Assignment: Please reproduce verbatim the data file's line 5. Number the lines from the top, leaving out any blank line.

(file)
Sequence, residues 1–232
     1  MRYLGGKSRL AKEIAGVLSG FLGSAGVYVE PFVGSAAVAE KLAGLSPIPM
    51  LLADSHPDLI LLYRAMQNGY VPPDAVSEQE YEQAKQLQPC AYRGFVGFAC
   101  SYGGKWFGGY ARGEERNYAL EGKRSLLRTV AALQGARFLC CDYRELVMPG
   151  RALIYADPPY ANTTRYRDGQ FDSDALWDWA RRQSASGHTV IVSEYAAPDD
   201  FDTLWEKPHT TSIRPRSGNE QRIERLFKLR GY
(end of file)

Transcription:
   151  RALIYADPPY ANTTRYRDGQ FDSDALWDWA RRQSASGHTV IVSEYAAPDD